Conductivity to Resistivity Calculator

Created by Purnima Singh, PhD
Reviewed by Steven Wooding
Last updated: Aug 25, 2022

Omni's conductivity to resistivity calculator allows you to determine the electrical resistivity of a material, given its conductivity. You can also use this tool to determine the conductivity if the resistivity is known.

Continue reading to learn what electrical resistivity and conductivity are and how to calculate resistivity from conductivity. You will also find an example of using this tool to calculate one if the other is known.

If you are interested in finding out the resistance of a conductor from its resistivity and dimensions, check out the wire resistance calculator.

Electrical resistivity and conductivity

We can define the electrical resistivity of a material as a measure of how strongly the material opposes the flow of electrical current through it. It is represented by the symbol ρ\rho.

Another crucial electrical transport property of materials is electrical conductivity. A material's electrical conductivity is its ability to conduct or transmit electricity. We use the symbol σ\sigma to represent the conductivity.

Both conductivity and resistivity are intrinsic properties of a material, i.e., they do not depend on the dimensions of the material. Instead, they rely on the charge carrier density and temperature of the material.

How to calculate resistivity from conductivity

The electrical conductivity of a material is the reciprocal of its resistivity. Hence, to calculate resistivity from conductivity, we will use the formula:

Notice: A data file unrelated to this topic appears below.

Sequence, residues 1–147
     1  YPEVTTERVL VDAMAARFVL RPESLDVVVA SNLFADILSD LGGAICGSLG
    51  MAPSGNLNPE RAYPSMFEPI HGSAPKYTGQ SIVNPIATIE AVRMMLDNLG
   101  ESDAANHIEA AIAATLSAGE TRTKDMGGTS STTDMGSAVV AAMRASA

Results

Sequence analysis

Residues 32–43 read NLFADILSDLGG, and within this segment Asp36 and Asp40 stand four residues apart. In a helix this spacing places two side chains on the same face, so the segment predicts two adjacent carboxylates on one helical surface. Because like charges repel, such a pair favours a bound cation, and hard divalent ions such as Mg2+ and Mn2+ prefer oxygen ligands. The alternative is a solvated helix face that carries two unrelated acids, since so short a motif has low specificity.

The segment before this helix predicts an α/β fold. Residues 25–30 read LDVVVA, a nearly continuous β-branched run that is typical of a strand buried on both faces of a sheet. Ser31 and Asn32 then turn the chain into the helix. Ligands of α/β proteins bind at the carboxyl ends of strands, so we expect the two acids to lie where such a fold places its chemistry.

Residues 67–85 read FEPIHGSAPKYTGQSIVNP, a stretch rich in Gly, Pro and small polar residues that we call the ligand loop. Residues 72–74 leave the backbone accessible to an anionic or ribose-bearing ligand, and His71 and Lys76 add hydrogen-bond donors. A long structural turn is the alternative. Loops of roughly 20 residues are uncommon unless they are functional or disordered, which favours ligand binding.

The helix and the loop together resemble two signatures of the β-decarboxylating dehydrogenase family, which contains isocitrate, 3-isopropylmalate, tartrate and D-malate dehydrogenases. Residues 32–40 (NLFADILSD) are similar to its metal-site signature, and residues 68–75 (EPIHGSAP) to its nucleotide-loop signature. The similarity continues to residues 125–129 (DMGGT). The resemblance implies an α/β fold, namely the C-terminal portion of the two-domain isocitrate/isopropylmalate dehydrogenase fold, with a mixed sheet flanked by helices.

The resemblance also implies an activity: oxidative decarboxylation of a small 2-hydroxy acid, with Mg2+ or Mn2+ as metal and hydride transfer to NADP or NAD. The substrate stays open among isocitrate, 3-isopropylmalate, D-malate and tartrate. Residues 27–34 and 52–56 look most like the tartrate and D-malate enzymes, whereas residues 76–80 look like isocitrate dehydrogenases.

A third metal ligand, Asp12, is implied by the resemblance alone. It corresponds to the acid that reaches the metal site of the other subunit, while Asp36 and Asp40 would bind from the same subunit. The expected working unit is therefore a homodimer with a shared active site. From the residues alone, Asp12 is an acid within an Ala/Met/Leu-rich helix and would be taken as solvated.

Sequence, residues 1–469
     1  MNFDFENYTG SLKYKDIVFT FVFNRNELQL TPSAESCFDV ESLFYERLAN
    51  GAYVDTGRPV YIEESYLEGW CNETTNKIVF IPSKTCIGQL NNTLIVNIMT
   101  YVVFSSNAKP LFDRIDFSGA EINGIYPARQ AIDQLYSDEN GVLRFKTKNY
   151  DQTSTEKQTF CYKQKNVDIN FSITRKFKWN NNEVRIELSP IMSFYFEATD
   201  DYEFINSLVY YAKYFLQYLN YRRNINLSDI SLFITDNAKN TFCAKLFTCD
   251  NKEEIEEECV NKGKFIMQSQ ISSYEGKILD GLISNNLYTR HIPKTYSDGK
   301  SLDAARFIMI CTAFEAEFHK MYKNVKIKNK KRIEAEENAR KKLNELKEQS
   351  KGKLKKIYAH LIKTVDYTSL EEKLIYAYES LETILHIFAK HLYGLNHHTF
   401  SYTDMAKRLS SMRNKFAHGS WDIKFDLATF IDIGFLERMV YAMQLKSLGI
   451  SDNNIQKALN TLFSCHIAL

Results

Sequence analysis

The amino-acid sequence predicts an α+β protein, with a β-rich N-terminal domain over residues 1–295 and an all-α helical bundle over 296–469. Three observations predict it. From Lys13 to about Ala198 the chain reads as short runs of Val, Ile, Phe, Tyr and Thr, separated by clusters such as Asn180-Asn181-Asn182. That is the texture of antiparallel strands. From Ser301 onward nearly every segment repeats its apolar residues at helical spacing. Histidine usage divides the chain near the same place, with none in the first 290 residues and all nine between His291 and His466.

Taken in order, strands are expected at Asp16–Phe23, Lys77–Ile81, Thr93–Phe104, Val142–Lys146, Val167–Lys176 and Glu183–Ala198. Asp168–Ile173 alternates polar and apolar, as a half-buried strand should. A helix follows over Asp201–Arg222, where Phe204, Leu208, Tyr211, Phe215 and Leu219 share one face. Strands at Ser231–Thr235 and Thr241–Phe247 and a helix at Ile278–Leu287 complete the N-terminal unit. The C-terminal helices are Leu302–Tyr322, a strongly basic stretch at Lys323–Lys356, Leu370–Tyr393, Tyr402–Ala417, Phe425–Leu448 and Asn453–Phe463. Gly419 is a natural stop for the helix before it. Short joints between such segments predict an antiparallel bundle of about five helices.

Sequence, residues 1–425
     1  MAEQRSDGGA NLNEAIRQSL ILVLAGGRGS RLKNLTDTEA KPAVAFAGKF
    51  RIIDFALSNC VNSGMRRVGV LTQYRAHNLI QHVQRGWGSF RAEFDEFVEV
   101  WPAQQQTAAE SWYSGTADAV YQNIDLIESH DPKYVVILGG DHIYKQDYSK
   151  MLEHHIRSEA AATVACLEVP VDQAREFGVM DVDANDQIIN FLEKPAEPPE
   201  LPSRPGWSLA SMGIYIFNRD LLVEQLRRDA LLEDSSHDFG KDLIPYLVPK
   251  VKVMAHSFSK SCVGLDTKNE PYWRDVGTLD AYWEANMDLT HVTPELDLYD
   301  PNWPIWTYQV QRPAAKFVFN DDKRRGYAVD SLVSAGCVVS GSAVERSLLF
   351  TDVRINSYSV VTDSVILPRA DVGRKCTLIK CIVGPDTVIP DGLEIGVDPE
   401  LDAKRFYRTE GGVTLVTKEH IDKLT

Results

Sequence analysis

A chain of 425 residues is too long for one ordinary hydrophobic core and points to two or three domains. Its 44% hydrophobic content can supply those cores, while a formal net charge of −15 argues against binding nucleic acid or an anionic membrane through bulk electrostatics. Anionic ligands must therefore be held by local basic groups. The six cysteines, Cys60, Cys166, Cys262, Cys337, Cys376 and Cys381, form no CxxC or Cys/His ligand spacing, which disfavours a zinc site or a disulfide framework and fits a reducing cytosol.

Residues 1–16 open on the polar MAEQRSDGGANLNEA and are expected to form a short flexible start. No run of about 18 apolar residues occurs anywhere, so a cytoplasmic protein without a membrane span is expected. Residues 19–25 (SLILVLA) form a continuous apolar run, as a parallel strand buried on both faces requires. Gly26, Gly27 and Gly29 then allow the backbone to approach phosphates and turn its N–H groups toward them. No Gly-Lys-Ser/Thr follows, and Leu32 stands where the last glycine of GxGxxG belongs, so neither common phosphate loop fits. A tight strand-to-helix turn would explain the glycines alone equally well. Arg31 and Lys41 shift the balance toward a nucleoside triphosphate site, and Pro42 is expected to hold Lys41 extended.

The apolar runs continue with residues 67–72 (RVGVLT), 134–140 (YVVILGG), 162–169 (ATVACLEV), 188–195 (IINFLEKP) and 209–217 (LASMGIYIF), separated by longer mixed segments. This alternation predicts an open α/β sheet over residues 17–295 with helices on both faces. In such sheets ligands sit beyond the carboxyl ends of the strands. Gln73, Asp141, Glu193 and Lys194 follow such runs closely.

ρ=1σ\small \rho = \frac{1}{\sigma}

Conductors have high conductivity and low resistivity. On the other hand, insulators have very high resistivity and low conductivity.

For example, the conductivity of silver is 6.29×107 (Ωm)16.29 \times 10^7\ \rm{(\Omega \cdot m)^{-1}}; hence we can calculate its resistivity using the conductivity formula as:

ρ=16.29×107 (Ωm)1=1.59×108 (Ωm)\small \begin{align*} \rho & = \frac{1}{6.29 \times 10^7\ \rm{(\Omega \cdot m)^{-1}}} \\[1em] & = 1.59 \times 10^{-8}\ \rm{(\Omega \cdot m)} \end{align*}

How to use the conductivity to resistivity calculator

Now let us see how we can use the conductivity to resistivity calculator to solve the same problem.

  1. Using the drop-down menu, choose silver as the material.

  2. The electrical conductivity field will auto-populate. You can also enter any custom value of conductivity.

  3. The tool will display the electrical resistivity of silver.

  4. You can also use this tool to convert resistivity to conductivity.

Want to calculate thermal conductivity? Check out the thermal conductivity calculator.

FAQ

How do I calculate conductivity from resistivity?

Conductivity is the reciprocal of resistivity. Hence to calculate the conductivity of a material from its resistivity, take the reciprocal of the resistivity. If you want to calculate resistivity, take the reciprocal of conductivity.

What are the units of resistivity and conductivity?

The SI unit of resistivity is ohm-meter (Ω·m). Since conductivity = 1 / resistivity, the SI unit of conductivity is (Ω·m)⁻¹, which is also known as siemens per meter (S·m⁻¹).

What is the electrical conductivity of copper?

The electrical resistivity of copper is 1.68 × 10⁻⁸ Ω·m. We can calculate the electrical conductivity of copper as follows:

  1. Take the reciprocal of the electrical resistivity of copper, i.e., 1 / 1.68 × 10⁻⁸ Ω·m.
  2. You will get 5.95 × 10⁷ (Ω·m)⁻¹.
  3. Hence, copper's electrical conductivity is 5.95 × 10⁷ (Ω·m)⁻¹.

A wire of resistivity 10 Ω·m is stretched to twice its original length. What will be its new resistivity?

Its resistivity will remain the same, i.e., 10 Ω·m. The resistivity of a wire depends only on the nature of its material and its temperature and is independent of the length or cross-sectional area. Hence, on stretching the wire, its resistivity will not change.

Purnima Singh, PhD
Choose the material or enter a custom value
Material at 20 °C
Annealed copper
Electrical conductivity (σ)
S/m
Electrical resistivity (ρ)
Ω⋅m
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